Kidnappings inevitable if Sabah curfew lifted, outgoing state police chief says
(Malay Mail Online) – Sabah’s east coast will “definitely” be hit by more kidnappings if the state’s dusk-to-dawn sea curfew were to be lifted, outgoing state police commissioner Datuk Jalaluddin Abdul Rahman said.
Jalaluddin, who mooted the curfew in August last year, said the order should stay enforced for as as long there is a threat from southern Philippine militant groups.
“There is a big possibility the kidnap-for-ransom groups are still in Tawi-Tawi looking out for opportunity. If we let our guard down, they will definitely strike. They are always testing us and our strength.
“They will definitely attempt again, especially now that they no longer have a hostage,” he told reporters after attending his last monthly gathering with the state police here today.
Jalaluddin, who will officially handover his post to Eastern Sabah Security Command chief (Esscom) Datuk Abdul Rashid Harun on January 4, said he hopes his successor will continue to enforce the curfew to ensure smooth communication and cooperation between the security agencies under Esscom.
“Aside from the enforcement aspect, the curfew also helps provides service to the local fishermen. By applying for a permit, we can monitor them and give them protection. They are also our eyes and ears,” he said.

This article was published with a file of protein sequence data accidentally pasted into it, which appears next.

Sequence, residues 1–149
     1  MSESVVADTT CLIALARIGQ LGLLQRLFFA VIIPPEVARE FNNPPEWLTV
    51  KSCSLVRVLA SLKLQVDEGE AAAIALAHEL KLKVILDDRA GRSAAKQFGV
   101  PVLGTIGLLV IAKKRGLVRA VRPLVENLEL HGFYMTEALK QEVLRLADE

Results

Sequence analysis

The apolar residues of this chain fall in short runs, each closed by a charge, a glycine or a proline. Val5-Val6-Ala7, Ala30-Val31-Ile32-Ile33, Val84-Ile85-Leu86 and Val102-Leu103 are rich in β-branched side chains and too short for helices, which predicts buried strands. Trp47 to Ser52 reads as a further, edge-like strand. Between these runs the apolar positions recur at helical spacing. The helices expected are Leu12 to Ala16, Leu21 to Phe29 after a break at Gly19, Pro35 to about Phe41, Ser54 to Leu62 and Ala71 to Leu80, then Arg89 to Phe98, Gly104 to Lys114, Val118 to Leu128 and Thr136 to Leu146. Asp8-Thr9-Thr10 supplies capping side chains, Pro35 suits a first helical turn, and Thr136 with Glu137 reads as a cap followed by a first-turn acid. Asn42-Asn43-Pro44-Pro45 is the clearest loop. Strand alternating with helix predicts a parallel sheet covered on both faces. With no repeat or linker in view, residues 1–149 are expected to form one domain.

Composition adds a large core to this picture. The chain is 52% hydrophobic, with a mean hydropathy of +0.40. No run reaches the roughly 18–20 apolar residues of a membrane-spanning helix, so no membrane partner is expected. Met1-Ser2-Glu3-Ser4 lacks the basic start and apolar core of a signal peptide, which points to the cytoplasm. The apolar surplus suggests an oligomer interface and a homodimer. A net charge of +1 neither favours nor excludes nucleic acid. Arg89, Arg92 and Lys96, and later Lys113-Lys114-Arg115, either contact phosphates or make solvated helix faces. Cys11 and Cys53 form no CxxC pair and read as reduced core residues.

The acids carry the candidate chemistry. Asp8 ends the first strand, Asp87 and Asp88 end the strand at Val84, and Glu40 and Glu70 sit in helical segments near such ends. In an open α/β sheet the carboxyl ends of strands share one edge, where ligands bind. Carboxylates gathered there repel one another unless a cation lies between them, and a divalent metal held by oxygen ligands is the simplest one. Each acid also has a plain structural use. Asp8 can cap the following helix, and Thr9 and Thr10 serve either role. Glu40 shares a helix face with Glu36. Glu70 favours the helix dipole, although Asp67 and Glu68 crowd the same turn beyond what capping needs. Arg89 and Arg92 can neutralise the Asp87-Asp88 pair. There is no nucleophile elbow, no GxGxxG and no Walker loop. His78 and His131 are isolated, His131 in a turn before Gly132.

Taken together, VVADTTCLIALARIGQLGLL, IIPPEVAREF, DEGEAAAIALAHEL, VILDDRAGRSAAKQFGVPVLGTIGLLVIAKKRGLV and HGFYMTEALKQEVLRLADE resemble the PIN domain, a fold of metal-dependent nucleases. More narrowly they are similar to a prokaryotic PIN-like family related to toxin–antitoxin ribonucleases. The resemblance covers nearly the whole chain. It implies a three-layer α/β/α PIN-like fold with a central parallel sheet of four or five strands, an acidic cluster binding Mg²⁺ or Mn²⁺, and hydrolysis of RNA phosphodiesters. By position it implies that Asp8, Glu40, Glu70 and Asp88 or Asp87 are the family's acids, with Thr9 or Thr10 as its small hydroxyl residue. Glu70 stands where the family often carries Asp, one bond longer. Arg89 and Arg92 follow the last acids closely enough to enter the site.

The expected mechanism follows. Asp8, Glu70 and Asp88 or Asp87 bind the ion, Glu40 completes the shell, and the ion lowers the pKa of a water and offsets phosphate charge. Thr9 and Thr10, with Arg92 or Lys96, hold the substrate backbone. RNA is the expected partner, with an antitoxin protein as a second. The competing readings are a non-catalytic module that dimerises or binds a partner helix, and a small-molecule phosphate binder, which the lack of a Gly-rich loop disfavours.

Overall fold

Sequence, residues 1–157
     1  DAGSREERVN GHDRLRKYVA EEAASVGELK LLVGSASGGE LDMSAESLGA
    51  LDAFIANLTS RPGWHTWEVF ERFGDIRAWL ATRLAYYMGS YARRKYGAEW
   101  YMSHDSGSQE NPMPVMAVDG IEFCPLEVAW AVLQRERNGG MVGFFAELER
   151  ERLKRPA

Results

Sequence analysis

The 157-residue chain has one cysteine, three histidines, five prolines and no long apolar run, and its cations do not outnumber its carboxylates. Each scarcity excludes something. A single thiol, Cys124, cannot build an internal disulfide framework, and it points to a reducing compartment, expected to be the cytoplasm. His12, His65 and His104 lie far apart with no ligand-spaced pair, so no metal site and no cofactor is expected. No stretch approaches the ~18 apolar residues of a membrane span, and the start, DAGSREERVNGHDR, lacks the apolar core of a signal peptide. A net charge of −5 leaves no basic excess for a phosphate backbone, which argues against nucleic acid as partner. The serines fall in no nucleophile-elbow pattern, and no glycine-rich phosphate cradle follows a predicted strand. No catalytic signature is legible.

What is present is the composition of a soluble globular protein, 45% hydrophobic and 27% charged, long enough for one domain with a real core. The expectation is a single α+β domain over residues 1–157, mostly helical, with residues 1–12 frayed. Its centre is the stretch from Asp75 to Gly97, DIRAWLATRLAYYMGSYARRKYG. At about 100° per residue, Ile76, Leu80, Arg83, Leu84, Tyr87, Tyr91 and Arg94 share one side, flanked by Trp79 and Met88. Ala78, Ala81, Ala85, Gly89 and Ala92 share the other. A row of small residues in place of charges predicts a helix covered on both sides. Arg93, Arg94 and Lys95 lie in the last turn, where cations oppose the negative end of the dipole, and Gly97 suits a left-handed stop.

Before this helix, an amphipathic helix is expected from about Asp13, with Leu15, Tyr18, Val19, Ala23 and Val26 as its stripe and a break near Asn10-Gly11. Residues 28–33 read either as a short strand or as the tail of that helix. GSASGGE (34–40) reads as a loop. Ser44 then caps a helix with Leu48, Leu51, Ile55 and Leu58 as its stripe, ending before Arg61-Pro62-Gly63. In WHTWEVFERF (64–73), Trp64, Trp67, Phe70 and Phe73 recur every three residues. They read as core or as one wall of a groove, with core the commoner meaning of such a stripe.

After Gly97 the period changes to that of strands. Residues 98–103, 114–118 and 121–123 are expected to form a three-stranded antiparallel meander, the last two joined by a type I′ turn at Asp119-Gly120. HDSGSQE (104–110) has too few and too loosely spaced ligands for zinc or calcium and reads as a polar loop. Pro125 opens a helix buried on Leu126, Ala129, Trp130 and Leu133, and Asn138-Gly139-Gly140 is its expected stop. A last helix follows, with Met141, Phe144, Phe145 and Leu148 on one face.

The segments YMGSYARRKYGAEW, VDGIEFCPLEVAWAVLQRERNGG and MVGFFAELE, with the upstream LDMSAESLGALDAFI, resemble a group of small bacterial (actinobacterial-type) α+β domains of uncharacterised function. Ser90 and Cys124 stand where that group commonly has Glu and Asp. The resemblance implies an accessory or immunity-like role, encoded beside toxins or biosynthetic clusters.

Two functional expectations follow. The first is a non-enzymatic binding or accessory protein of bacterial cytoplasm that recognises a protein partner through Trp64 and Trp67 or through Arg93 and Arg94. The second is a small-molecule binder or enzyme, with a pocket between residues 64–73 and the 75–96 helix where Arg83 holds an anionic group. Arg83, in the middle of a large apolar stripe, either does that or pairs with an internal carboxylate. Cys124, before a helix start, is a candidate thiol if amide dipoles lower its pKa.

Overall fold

The curfew is currently in its 34th phase, covering the districts of Tawau, Semporna, Kunak, Lahad Datu, Kinabatangan, Sandakan and Beluran, from 7pm to 5am.
The curfew was mooted after a series of kidnapping incidents at tourist resorts and islands in Sabah’s east coast, including the attack on popular dive island Mabul that saw an officer, Kpl Abdul Rajah Jemuan, killed and another, Kons Zakiah Aleip, kidnapped.
Meanwhile, Jalaluddin also said that the state police did not achieve its targeted crime index of 5 per cent reduction in crime but added that he was not worried as the state had a lower crime index compared to other states nationwide.
He said that Sabah recorded about 15 cases of break-ins per day while places like Ampang in Kuala Lumpur recorded up to 60 per day.
He claimed that the reduction of 1.23 per cent was also partly due to the increase of police reports made after police outreach programmes encouraged the local community to come forward and lodge reports.
“So previously, in rural districts like Tawau and Lahad Datu and Sandakan where there are many estates, people would not have lodged a police report over a break in or petty theft. But now they are,” he said.